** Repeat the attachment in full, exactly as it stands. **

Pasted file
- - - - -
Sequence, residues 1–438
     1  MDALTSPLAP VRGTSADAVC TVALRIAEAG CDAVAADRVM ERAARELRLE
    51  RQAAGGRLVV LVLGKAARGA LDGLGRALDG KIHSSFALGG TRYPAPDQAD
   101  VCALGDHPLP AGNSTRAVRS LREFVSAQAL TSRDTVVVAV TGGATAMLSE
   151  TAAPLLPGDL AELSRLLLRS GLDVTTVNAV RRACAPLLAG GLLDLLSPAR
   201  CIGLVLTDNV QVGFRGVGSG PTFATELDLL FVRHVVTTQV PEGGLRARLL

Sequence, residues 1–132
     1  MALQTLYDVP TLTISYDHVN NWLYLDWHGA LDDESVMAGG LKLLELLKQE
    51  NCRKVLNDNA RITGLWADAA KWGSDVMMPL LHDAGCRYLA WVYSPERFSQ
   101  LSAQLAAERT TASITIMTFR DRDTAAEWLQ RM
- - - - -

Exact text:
Sequence, residues 1–438
     1  MDALTSPLAP VRGTSADAVC TVALRIAEAG CDAVAADRVM ERAARELRLE
    51  RQAAGGRLVV LVLGKAARGA LDGLGRALDG KIHSSFALGG TRYPAPDQAD
   101  VCALGDHPLP AGNSTRAVRS LREFVSAQAL TSRDTVVVAV TGGATAMLSE
   151  TAAPLLPGDL AELSRLLLRS GLDVTTVNAV RRACAPLLAG GLLDLLSPAR
   201  CIGLVLTDNV QVGFRGVGSG PTFATELDLL FVRHVVTTQV PEGGLRARLL

Sequence, residues 1–132
     1  MALQTLYDVP TLTISYDHVN NWLYLDWHGA LDDESVMAGG LKLLELLKQE
    51  NCRKVLNDNA RITGLWADAA KWGSDVMMPL LHDAGCRYLA WVYSPERFSQ
   101  LSAQLAAERT TASITIMTFR DRDTAAEWLQ RM